business in marketing art to children. By surreptitiously
pounding images into their heads through shows like Little
Einsteins, we're somehow making them smarter. What this
"educational" stuff fails to do, though, is actually inspire
them to their own bouts of creativity. To do that, you can't
actually lecture. You have to create an inspiring work of
Brad Bird gets that. Not that he's necessarily out to inspire
children; like any great artist, all he really wants is
to do good work in his chosen medium. With Ratatouille,
he's continued Pixar's legacy of quality family-friendly
films, but also made a clear statement about the burning
need to create, and art's place in the soul.
watching Ratatouille, you can have no doubt about
the artistry of cooking. Oddball rat Remy (Patton Oswalt,
warm even when Remy is uncompromising) explains it in music
and color so forcefully, you'll be salivating over computer
generated ingredients. Blessed (or cursed) with an advanced
sense of smell, Remy has within him an urge he does not
understand. His father Django (Brian Dennehy) wastes his
gifts by using him as a detector for rat poison.
As must happen
in animated films, this lonely rat longs for more. Without
his father's knowledge, Remy has taught himself to read,
and finds himself fixated on the cookbook of renowned French
chef Gusteau (Brad Garrett).
within the world of the film, Gusteau titled his book and
lived by the motto, "Anyone Can Cook." A rat dares to dream.
When disaster strikes the colony, Remy finds himself in
Paris, haunted by Gustea and almost miraculously living
outside the restaurant that bears the late Chef's name.
You think you
know the rest, but you do and you don't. Bird skillfully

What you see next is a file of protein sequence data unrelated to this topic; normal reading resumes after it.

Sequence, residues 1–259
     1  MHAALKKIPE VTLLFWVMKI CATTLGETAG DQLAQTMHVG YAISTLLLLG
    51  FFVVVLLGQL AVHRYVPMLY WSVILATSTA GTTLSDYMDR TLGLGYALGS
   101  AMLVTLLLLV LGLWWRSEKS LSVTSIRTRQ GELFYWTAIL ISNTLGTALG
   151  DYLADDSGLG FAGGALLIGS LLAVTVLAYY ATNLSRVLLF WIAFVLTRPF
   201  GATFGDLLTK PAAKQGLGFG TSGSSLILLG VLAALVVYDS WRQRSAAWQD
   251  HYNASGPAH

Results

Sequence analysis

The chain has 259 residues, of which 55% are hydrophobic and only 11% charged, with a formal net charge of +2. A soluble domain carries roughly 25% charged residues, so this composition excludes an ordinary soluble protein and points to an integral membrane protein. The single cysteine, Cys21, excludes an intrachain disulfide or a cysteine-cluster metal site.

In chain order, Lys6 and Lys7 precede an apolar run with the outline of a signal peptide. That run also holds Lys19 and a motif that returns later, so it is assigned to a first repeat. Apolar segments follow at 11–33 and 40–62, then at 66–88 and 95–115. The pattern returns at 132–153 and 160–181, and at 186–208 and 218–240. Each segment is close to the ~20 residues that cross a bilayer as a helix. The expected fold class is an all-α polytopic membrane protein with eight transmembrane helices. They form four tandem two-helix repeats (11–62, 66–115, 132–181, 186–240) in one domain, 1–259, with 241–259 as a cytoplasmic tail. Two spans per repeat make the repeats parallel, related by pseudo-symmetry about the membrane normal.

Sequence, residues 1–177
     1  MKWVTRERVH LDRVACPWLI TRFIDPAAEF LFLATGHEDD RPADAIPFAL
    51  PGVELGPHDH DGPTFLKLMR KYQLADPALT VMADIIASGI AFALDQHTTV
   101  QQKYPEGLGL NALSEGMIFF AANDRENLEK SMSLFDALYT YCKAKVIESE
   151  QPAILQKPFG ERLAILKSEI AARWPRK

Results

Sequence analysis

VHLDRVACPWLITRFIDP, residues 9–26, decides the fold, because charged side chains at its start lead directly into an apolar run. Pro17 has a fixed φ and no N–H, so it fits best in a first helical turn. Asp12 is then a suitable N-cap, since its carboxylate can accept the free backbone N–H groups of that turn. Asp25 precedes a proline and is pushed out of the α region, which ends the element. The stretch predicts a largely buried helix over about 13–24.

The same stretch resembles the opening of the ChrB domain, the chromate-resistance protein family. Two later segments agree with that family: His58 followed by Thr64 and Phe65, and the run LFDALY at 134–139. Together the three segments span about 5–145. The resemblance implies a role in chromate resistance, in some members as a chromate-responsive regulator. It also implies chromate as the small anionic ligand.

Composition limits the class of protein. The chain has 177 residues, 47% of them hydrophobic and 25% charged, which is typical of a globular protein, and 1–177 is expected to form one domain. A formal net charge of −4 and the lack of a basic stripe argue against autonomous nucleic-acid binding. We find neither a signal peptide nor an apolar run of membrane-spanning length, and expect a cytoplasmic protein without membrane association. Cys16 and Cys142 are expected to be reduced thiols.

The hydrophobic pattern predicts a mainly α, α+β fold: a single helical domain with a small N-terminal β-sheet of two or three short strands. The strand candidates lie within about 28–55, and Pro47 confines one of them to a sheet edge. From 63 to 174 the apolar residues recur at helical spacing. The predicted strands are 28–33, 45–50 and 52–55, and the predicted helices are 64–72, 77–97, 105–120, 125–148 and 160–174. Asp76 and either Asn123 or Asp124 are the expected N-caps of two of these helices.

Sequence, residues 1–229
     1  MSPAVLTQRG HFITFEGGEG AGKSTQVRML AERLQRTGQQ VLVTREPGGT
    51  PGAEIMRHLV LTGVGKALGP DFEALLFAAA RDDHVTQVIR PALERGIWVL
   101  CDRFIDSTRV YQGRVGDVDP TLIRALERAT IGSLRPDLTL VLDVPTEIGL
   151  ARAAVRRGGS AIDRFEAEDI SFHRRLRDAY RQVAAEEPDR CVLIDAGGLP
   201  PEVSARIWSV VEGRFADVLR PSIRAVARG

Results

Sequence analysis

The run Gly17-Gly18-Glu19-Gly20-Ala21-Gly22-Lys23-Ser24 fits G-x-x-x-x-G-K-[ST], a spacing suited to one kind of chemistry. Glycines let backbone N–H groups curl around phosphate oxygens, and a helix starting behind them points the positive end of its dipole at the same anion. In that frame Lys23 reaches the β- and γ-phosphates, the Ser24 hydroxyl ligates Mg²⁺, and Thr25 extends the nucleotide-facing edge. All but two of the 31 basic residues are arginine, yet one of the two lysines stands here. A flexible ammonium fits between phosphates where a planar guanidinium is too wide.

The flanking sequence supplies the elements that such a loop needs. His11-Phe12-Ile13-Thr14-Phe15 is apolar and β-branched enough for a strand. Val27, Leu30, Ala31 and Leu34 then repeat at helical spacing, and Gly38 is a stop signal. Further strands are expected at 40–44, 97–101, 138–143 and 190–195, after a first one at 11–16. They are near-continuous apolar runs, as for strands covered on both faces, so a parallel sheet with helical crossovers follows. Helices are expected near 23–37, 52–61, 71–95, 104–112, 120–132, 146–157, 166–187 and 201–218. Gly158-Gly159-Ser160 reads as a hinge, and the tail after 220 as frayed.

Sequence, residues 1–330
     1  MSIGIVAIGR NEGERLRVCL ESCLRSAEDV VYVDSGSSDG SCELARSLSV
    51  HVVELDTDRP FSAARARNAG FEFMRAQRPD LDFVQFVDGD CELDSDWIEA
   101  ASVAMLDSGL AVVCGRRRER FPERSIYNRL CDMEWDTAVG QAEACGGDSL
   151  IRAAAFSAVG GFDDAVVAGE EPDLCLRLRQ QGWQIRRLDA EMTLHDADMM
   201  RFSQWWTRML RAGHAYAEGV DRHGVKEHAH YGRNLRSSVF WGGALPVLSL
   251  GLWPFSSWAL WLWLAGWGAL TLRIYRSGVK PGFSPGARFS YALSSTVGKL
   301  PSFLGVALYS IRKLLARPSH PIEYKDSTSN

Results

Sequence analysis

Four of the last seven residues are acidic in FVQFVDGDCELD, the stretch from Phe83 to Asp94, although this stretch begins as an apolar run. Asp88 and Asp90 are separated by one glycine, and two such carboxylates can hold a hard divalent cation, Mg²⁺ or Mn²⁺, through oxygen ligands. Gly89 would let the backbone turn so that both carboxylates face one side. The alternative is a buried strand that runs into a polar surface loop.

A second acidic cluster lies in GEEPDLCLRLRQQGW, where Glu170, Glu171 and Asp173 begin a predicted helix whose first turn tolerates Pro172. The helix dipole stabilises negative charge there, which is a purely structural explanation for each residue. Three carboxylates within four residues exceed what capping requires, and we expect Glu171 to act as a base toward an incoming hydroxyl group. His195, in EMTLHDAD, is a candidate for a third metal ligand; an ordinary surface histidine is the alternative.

mixes standard plot elements with new storytelling herbs
and spices, setting up one major conflict, resolving it
and moving on to something else. At first, things center
around Remy's friendship/partnership with the talentless
human Linguini (Pixar animator Lou Romano) and their conflict
with the diabolical Chef Skinner (Ian Holm).
As the antagonist,
Skinner represents the clearest obstacle to art - mass marketing.
Under his rule, the Gusteau name will be reduced to a line
of frozen fast foods, turning a great artist into a posthumous
corporate mascot. (Though that's not necessarily
evil; let's not bite the hand feeding Pixar offered by the
ghost of Walt Disney.)
isn't all that stands in the way of greatness. Remy feels
pressure from his family and the rat colony. Of course,
his very presence in the kitchen is also a health code violation.
Then there's the cadaverous Anton Ego (Peter O'Toole), the
great food critic whose judgment broke Gusteau's spirit.
That's a lot
to contend with, and a lot of symbolism sneaking into children's
subconscious. For make no mistake, this film is absolutely
appropriate for children, but like many previous Pixar efforts
with a depth that elevates it to something more. Even Janeane
Garofalo gets pushed into a performance that's new territory
for her - doing a French accent.
isn't perfect. That accent thing might be a little bothersome
because it's not consistent among the characters. Though
Linguini must have been at least raised in France, he speaks
with the laid-back tones of, well, a happy animator living
in Emeryville. Some of the character interactions feel a
bit stock, though every actor makes a tremendous effort.
But then we
join Remy in gazing at the Paris skyline. The artists at
Pixar have filled the screen with sumptuous image upon sumptuous
image. It's not overwhelming, but it's the kind of detail
that begs to be seen again and again. It's a nice counterpoint
to Remy's ability to add tiny details to his cooking, exciting
the senses and evoking memories and/or desires. After all,
isn't that the point of art?
pushes the boundaries of what Americans accept in animated
storytelling, but not so much that viewers won't follow.
The genius of Bird and his boss John Lasseter is that they've
been educating us all along, making their stories resonate.
Perhaps anyone can cook, offers Bird, and perhaps anyone
can make a film. Though not everyone has talent, anyone
could have talent.
We're lucky so many found their way to Pixar.